The colours in the transfer reflect the style of the film, with a very dreary, muted, brown-dominated palette. No bleeding or misregistration was noted. Flesh tones are consistent and accurate.

No compression artefacts were noted in the transfer. Backgrounds are frequently diffuse and hazy, but this is more the result of being shot with a Panavision lens in what looks like rather low lighting. Vertical wobble was noted on occasion, such as at 7:01 in an external shot of the town. Aliasing artefacts are almost, but not quite, absent from this transfer. One shot of Morgan Freeman in a ridged shirt at 27:23 shows the shirt crawling, in a fashion that raises serious questions about how progressive the transfer really is. This is not the first transfer from Warners' dual-format days that shows this artefact in spite of the packaging proclaiming the transfer to be 1080P. Film artefacts are noticeable from time to time, such as in a shot of Jaimz Woolvett at 9:02, and they are as frequent as they are noticeable. However, they are also generally small enough to be considered acceptable.

Subtitles are offered in English and English for the Hearing Impaired. The latter omit a few words on numerous occasions but give the general gist of the lines very well.

Video Ratings Summary
Shadow Detail
Film-To-Video Artefacts
Film Artefacts


Unforgiven follows the dual-format strategy that Warners adopted in the beginning of the big HD format war, and the audio transfer we are offered suffers a good deal for this. It is not that the audio transfer is necessarily bad. It is merely underwhelming in comparison to what we know the format to be capable of.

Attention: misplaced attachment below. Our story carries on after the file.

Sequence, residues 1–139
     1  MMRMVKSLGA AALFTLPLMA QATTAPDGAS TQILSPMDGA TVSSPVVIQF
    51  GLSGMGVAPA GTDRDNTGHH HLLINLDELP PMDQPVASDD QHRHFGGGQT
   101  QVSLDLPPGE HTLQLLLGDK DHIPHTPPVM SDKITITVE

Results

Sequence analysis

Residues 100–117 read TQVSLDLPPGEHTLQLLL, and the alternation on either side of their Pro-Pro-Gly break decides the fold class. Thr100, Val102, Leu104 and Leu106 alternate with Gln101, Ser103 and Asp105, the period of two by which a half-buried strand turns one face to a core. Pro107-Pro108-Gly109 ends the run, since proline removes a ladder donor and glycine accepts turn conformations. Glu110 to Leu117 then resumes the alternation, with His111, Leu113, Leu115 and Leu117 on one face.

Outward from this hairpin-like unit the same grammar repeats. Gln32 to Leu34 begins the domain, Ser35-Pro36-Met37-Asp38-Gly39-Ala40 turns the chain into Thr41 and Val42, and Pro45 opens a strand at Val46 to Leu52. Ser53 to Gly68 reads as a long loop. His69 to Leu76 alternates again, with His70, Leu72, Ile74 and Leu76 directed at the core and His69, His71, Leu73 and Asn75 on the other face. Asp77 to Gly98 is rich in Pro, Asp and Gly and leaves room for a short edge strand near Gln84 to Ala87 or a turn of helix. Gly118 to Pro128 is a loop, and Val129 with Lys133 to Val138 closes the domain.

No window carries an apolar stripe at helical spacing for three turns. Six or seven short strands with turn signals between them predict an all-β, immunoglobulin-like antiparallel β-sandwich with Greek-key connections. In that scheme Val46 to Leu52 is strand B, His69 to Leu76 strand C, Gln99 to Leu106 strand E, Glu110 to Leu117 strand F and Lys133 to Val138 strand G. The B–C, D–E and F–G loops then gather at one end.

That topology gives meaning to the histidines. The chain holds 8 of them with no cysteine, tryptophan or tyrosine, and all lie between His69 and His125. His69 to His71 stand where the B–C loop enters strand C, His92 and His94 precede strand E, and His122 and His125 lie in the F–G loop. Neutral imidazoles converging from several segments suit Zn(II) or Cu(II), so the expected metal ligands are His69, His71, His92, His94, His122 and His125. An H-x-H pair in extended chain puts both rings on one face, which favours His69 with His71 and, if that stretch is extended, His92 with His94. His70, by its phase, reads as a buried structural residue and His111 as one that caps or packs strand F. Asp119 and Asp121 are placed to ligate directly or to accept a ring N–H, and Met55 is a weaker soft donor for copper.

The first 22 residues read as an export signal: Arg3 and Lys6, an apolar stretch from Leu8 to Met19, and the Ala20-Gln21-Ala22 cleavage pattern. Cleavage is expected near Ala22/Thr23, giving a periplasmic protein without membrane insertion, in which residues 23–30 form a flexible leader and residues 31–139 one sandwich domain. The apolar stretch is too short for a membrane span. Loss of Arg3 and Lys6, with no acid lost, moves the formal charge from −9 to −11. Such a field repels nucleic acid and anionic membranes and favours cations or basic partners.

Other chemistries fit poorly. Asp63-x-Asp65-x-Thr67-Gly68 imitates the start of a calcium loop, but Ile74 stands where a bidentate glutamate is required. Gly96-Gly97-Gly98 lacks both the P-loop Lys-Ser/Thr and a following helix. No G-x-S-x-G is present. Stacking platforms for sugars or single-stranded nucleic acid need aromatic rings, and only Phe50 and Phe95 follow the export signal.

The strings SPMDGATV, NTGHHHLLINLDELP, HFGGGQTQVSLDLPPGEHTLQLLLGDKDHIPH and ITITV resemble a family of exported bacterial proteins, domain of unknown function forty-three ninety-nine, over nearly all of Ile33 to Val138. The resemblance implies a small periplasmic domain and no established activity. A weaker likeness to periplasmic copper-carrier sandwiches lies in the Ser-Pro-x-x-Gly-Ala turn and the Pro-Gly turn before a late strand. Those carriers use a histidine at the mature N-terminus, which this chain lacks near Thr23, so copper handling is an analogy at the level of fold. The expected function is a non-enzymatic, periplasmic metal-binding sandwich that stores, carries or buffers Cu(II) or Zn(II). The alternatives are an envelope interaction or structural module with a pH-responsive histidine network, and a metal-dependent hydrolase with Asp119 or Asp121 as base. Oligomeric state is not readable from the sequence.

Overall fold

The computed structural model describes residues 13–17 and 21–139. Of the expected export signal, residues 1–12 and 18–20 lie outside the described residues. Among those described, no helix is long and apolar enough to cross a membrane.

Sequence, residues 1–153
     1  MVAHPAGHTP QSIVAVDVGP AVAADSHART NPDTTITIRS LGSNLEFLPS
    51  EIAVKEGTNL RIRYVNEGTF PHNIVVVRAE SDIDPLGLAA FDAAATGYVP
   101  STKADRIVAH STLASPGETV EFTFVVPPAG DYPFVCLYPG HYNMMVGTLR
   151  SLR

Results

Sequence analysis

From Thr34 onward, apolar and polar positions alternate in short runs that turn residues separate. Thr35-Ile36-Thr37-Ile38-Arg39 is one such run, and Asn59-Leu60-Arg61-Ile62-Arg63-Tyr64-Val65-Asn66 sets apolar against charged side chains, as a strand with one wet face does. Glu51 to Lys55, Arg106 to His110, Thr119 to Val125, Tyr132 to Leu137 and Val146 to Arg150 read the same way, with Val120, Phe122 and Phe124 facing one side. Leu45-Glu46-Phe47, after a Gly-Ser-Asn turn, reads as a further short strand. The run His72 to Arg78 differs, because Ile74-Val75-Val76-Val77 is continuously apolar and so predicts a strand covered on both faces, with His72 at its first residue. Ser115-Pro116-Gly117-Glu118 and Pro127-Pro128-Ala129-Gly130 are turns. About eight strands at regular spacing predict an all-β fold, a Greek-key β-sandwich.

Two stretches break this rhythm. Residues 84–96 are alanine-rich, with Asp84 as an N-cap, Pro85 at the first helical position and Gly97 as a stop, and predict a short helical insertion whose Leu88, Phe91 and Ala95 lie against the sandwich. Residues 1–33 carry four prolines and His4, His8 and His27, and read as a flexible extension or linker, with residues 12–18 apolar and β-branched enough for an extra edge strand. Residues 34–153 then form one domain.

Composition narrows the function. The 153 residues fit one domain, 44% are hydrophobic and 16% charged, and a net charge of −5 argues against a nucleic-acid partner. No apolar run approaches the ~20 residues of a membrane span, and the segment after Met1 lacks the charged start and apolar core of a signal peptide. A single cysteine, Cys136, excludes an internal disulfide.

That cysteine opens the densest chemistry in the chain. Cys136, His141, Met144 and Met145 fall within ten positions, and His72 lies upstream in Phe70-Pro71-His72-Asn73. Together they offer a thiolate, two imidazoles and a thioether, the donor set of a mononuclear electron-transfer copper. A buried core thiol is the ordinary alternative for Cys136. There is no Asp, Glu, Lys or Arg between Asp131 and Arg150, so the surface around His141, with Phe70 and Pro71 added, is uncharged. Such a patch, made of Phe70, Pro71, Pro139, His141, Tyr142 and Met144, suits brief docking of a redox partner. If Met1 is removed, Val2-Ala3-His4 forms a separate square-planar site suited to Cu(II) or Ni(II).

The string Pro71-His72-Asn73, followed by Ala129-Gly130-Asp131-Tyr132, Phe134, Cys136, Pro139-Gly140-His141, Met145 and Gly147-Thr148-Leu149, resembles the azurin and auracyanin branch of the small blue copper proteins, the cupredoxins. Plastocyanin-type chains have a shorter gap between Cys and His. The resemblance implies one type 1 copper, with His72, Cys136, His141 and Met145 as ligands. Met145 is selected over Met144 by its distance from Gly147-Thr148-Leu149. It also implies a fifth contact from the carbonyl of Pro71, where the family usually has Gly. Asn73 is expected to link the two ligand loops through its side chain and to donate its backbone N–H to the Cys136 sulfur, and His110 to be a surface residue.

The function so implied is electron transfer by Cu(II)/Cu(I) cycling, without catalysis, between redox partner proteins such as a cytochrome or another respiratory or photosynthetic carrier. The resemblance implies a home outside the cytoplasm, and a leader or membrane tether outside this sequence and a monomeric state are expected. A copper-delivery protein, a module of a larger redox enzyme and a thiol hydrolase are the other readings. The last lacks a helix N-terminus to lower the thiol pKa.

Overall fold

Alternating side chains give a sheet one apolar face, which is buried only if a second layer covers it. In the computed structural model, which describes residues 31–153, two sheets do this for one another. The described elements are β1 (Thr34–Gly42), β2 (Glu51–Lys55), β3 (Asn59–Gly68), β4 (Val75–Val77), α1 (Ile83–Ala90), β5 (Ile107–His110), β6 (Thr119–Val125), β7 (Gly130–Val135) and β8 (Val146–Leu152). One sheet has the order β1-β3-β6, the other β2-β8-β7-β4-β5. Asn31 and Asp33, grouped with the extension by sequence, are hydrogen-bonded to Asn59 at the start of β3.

The first, and default, soundtrack is the original English dialogue in 5.1-channel lossy Dolby Digital. Dubs are offered in French and Spanish, both Dolby Digital 2.0 stereo. An English audio commentary is also offered in Dolby Digital 2.0 stereo. I listened to both English soundtracks.

The dialogue is generally quite clear and easy to understand. The major elements of the soundtrack, the dialogue, sound effects, and music, have little if any space to separate them as is typical of lossy Dolby soundtracks. This affects the intelligibility of the occasional three-word utterance or quickly-spoken line, and does not improve the audibility of environmental sound effects, either.

The score music is credited to one Lennie Niehaus. It is a bit of a peculiar beast. Compared to other Westerns that Clint Eastwood has appeared in, there is very little music, and it is very subdued for the most part. Come to think of it, the opening and closing credits feature the only music I can really remember from this film. The cue at 99:42, when Morgan Freeman is being rode into town by the mob sets a dark, haunting tone to the scene that enhances the visuals quite nicely, but this was the exception rather than the rule.

The surround channels are (barely) used to separate the sounds of such things as wind, insects, and rain from the front channels. Split-surround and directional effects are non-existent, and possibly not part of the original sound design since this is an early-1990s piece. This is a purely dialogue-driven film, so the lack of any meaningful surround activity can be forgiven for the most part. Still, it does make one wonder what could be achieved with a lossless soundtrack based on another attempt at a remix.